Gliomas: Histogram Analysis of Apparent Diffusion Coefficient Maps with Standard- or High-b-Value Diffusion-weighted MR Imaging—Correlation with Tumor Grade

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Our results suggest that histogram analysis based on apparent diffusion coefficients of entire tumor volumes can be a useful and objective diagnostic tool for grading gliomas.


To explore the role of histogram analysis of apparent diffusion coefficient (ADC) maps based on entire tumor volume data in determining glioma grade and to evaluate the diagnostic performance of ADC maps at standard (1000 sec/mm2) and high (3000 sec/mm2) b values.

Materials and Methods

This retrospective study was approved by the institutional review board, and informed consent was waived. Twenty-seven patients with astrocytic tumors underwent diffusion-weighted magnetic resonance imaging with b values of 1000 and 3000 sec/mm2, and the corresponding ADC maps were calculated (ADC1000 and ADC3000, respectively). Regions of interest containing the lesion were drawn on every section of the ADC map containing the tumor and were summated to derive volume-based data of the entire tumor. Histogram parameters were correlated with tumor grade by using repeated measurements analysis of variance, the Tukey-Kramer test for post hoc comparisons, and an unpaired Student t test. Receiver operating characteristic (ROC) curves were constructed to determine the optimum threshold for each histogram parameter, and sensitivity and specificity were assessed.


Minimum ADC1000 and ADC3000 both decreased with increasing tumor grade. The 50th and 75th percentiles of cumulative ADC1000 histograms showed significant differences between grades (P = .015 and .001, respectively), while the fifth and 75th percentiles of cumulative ADC3000 histograms showed such differences (P = .015 and .014, respectively). Minimum ADC and the fifth percentile for both ADC1000 (P < .001 and P = .024, respectively) and ADC3000 (P < .001 and P = .001, respectively) proved to be significant histogram parameters for differentiating high- from low-grade gliomas. The diagnostic value of the parameters derived from ADC1000 and ADC3000 were compared, and a significant difference (0.202, P = .014) was found between the areas under the ROC curve of the fifth percentiles for ADC1000 and ADC3000.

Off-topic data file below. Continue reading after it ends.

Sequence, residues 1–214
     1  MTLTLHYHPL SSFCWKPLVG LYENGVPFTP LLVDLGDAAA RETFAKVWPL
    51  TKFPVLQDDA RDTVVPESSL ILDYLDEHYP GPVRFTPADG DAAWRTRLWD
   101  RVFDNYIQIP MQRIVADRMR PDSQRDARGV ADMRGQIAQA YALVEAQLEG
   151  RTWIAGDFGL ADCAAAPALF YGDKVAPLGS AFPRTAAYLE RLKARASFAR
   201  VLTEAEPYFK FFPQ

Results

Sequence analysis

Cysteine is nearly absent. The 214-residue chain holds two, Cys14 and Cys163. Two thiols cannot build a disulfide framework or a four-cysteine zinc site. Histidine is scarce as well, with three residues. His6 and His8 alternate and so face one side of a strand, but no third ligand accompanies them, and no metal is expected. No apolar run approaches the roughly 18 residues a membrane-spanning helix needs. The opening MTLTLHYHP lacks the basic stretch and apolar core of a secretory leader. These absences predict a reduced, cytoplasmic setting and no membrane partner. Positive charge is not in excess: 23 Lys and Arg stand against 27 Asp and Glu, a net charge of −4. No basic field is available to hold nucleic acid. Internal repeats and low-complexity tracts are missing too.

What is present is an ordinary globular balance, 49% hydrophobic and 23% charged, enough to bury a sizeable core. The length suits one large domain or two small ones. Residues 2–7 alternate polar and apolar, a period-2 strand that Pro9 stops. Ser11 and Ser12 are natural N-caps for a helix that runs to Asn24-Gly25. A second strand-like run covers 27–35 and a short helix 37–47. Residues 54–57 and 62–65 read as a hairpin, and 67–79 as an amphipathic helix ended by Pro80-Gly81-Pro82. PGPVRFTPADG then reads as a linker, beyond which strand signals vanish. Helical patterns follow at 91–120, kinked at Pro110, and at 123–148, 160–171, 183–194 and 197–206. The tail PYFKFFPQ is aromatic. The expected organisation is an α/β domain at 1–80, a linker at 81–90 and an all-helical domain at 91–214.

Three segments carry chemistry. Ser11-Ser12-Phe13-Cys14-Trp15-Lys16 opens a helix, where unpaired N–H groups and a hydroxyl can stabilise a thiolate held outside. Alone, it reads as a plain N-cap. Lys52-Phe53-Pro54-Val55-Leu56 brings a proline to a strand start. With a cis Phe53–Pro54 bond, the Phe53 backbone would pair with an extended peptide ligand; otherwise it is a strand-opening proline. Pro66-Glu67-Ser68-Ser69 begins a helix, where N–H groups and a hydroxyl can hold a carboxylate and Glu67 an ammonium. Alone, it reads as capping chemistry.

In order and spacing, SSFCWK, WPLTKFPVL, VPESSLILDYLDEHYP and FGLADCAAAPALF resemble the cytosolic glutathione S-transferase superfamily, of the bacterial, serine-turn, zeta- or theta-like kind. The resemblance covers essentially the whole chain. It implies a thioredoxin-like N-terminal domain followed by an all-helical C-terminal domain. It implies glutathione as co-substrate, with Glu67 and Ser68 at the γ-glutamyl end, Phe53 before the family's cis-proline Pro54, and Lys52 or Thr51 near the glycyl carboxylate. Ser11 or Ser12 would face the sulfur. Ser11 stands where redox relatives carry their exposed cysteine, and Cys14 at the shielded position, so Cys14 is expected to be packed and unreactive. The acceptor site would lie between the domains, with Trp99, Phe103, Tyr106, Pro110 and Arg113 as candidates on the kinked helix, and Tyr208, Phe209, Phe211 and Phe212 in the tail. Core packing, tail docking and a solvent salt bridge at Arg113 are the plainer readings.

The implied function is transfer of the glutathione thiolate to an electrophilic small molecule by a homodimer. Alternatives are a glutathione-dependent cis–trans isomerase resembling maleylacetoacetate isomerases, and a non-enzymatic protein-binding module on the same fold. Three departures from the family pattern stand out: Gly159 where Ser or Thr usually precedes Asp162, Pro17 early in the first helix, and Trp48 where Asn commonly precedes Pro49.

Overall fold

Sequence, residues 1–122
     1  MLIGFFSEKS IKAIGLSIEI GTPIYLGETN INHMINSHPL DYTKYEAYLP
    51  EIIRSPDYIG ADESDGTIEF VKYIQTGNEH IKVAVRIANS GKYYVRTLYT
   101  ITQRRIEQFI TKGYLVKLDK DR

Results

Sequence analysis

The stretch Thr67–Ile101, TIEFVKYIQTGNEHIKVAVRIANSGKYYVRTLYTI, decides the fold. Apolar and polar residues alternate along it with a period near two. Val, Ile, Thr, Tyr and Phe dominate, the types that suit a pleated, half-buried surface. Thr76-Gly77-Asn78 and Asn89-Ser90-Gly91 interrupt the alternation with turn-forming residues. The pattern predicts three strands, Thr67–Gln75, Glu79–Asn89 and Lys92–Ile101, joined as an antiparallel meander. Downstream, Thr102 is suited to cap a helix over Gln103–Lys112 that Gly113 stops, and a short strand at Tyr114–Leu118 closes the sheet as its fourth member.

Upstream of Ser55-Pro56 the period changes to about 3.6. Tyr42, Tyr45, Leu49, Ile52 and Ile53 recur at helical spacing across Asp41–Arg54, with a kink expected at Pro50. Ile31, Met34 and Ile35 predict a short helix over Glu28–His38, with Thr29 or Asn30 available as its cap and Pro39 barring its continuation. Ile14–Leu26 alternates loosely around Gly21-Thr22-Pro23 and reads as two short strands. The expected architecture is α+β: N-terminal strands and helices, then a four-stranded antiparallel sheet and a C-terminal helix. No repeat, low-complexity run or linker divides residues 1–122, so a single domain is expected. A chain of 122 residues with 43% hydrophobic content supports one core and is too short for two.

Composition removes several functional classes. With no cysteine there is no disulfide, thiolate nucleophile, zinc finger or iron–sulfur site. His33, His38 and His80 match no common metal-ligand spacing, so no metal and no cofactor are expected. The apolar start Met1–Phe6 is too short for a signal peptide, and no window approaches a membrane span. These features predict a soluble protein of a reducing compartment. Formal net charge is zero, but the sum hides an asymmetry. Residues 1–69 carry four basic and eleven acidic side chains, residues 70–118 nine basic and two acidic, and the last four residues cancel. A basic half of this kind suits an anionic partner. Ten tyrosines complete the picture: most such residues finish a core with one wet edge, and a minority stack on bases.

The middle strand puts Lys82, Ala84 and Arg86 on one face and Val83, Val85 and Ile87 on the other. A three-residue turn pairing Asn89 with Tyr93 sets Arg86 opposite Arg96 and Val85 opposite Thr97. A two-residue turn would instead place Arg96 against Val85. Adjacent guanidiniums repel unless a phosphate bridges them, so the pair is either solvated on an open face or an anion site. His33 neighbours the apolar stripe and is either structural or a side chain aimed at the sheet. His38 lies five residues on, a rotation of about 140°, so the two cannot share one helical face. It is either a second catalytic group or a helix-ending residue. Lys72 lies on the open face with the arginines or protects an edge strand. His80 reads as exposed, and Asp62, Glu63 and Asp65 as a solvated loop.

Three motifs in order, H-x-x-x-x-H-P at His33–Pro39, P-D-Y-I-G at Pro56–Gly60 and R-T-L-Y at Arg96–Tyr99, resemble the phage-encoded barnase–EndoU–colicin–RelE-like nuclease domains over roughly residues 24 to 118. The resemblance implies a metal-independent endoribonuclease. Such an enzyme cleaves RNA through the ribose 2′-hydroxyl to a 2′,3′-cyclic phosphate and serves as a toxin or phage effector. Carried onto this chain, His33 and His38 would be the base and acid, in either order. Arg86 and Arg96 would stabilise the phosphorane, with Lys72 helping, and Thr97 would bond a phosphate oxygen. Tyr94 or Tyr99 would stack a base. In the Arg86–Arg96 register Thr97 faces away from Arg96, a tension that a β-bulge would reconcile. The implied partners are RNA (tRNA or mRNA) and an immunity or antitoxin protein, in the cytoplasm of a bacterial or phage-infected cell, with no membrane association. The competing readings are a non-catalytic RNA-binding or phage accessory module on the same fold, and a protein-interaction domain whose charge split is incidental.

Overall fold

Histogram analysis of ADC maps based on entire tumor volume can be a useful tool for grading gliomas. The fifth percentile of the cumulative ADC histogram obtained at a high b value was the most promising parameter for differentiating high- from low-grade gliomas.

© RSNA, 2011

Supplemental material:


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Article History

Received April 3, 2011; revision requested May 5; revision received June 13; accepted June 23; final version accepted July 14.
Published online: Dec 2011
Published in print: Dec 2011